The East Lansing City Clerk’s Office opened a satellite location on Monday at the Hannah Community Center, where residents can “register to vote, vote absentee and turn in their voted ballots,” according to a press release. Residents may also visit the City Clerk’s office inside City Hall to do the same things.
With the satellite location opening, ELi gathered information from the City of East Lansing and spoke to East Lansing poll inspector Kepler Domurat-Sousa to let you know what voting before and on Nov. 3 looks like.
Regardless of your method of voting, Domurat-Sousa said, follow the instructions carefully. Domurat-Sousa said sometimes people put lines and draw X’s in the ovals instead of shading the ovals in, or they make stray marks, all of which can mean their ballots are rejected.
Other times, individuals vote for too many people when they can vote for more than one candidate for an office (like school board). This also invalidates their choices for that specific selection.
Absentee voters should also pay attention to specific rules for signing and submitting their ballots.
For those voting on Election Day, Domurat-Sousa said that, for the Aug. 4 election, his assigned polling location observed strict public health protocols. All inspectors had masks and regularly sanitized the secrecy sleeves. Voting booths were spaced further apart and lines were set up so people would stay 6 feet apart.
Registering to Vote
Through Oct. 19, East Lansing residents can visit www.michigan.gov/vote to register to vote. Registered voters can also verify and change their personal information there, if necessary. After Oct. 19, residents must register to vote at the City Clerk’s office or its satellite location.
Michigan also permits same-day voter registration, so you can register to vote at your polling place until 8 p.m. on Nov. 3. When you register to vote, you should be prepared to present proof of eligibility and residency.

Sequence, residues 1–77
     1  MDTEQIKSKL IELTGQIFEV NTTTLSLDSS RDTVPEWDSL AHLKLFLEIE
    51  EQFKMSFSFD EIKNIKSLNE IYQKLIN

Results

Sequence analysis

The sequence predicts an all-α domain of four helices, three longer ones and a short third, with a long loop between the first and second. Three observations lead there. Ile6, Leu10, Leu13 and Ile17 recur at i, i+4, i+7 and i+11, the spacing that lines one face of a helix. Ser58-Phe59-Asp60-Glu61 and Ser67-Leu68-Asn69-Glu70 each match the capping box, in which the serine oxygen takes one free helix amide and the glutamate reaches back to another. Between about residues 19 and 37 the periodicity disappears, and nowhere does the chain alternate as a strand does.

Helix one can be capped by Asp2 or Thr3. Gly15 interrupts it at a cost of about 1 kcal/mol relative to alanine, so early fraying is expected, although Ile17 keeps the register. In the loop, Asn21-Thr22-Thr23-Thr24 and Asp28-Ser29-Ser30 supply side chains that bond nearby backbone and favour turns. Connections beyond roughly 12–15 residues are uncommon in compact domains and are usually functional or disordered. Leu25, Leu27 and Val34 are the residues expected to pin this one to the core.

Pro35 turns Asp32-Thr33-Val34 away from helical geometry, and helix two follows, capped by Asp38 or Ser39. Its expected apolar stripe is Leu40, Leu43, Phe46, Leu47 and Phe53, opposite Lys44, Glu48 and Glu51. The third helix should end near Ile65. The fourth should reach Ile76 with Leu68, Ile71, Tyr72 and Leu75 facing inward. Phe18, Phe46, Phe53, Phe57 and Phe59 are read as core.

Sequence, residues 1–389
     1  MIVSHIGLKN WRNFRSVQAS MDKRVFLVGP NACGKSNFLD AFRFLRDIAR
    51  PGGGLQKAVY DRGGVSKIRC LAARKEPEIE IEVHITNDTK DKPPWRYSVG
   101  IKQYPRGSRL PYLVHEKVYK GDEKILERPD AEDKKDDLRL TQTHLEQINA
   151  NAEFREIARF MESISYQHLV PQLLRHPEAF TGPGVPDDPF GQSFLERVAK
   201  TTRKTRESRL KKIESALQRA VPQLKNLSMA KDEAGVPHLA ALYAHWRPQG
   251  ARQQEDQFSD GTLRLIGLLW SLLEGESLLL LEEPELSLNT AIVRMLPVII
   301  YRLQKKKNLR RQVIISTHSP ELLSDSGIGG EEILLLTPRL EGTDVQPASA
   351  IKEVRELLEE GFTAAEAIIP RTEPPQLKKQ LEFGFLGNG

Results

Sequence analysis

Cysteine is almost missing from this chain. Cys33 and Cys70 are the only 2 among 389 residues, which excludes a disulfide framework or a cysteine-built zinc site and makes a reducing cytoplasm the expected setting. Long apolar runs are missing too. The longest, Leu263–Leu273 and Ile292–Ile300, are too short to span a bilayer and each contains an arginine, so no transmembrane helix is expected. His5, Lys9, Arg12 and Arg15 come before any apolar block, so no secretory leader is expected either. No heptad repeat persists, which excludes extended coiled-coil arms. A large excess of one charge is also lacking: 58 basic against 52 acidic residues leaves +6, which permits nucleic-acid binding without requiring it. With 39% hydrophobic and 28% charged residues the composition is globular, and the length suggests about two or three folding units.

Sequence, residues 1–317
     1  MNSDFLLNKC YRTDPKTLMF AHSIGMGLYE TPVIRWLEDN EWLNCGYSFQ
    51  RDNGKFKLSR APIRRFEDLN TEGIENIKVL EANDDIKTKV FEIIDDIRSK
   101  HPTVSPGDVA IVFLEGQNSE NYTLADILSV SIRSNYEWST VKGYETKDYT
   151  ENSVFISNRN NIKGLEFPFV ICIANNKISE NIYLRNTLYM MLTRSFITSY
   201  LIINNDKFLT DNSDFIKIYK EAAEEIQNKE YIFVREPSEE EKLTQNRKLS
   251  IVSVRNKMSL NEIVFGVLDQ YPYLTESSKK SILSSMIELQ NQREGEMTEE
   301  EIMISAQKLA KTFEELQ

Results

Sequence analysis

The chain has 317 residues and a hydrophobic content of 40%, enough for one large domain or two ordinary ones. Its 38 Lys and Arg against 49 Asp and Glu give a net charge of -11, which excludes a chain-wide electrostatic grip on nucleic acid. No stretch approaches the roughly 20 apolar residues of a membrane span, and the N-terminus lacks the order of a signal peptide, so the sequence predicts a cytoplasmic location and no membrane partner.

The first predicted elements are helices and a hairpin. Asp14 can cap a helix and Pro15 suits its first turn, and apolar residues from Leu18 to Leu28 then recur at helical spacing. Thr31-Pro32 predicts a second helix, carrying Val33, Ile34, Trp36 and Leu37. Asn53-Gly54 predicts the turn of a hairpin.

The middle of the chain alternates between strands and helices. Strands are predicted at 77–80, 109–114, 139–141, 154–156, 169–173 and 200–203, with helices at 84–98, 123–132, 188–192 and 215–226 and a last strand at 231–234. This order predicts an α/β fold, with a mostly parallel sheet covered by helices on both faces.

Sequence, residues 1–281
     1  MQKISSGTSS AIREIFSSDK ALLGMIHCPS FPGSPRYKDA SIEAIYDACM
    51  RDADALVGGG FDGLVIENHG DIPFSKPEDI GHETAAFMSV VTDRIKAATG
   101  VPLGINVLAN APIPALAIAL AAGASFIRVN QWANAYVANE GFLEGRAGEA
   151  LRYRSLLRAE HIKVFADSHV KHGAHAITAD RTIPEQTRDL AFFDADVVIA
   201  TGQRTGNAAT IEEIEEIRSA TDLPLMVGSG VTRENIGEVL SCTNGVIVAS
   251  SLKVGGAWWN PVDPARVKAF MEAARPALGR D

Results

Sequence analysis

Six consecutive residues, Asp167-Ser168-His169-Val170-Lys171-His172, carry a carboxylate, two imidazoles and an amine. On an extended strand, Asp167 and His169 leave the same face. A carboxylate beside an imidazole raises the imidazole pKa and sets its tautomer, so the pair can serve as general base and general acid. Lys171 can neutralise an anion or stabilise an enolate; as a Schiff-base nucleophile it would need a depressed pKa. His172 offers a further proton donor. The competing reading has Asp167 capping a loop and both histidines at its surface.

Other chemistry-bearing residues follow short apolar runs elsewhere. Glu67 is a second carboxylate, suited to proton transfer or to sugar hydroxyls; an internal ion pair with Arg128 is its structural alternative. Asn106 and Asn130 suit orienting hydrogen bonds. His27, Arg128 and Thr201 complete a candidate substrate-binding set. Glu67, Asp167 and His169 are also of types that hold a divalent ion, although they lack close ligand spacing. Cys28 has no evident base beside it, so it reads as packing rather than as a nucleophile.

But, according to Domurat-Sousa, registering to vote beforehand is always a good idea. It helps voters avoid lines and day-of issues.
Voting Before Nov. 3
In Michigan, you have two options for voting early: absentee at home and absentee in-person.
If you would like to vote absentee at home, you must request a ballot by 5 p.m. on Oct. 30. You may do so online or by downloading an application and submitting it to the Clerk’s office or satellite location. You can also go to the Clerk’s office to ask for an absentee ballot.
You can submit your ballot by mailing it back, bringing it to the City Clerk’s office or its satellite location, or dropping at the ballot drop boxes at City Hall, the MSU-CATA Transportation Center on Shaw Lane, or the East Lansing Department of Public Works. After you submit your ballot, you can track it to see that it was received at www.Michigan.gov/vote.
NOTE: Ballots must be received by 8 p.m. on Nov. 3 to be counted in the election.
You can also cast an in-person absentee ballot at the Clerk’s office or its satellite location. You should make sure to bring identification. You can request an absentee ballot, fill it out there, and submit all at once. If you are not registered to vote, you can register and continue with the in-person absentee voting process in one visit.
The Michigan Secretary of State explains that the process is safe and secure, stating that, “Voters requesting to vote by absentee ballot from home, by mail, or in-person must provide their signature or personal identification information at the time of submitting their application, which once received is verified against the voter’s signature and information on record. If the signatures do not exactly match, the application or ballot may not be tabulated.”
Voting on Nov. 3
This is the classic Election Day experience, and you will need identification for it.
What about masks? As Domurat-Sousa explained, polling places have already held one election with safety precautions in place for the pandemic. Emergency orders from Ingham County and the State of Michigan state that masks are not mandatory in polling places. However, masking is certainly permitted and encouraged at polling places.
Do you appreciate this important election information, specific to your local community of East Lansing? Keep it coming by supporting us today!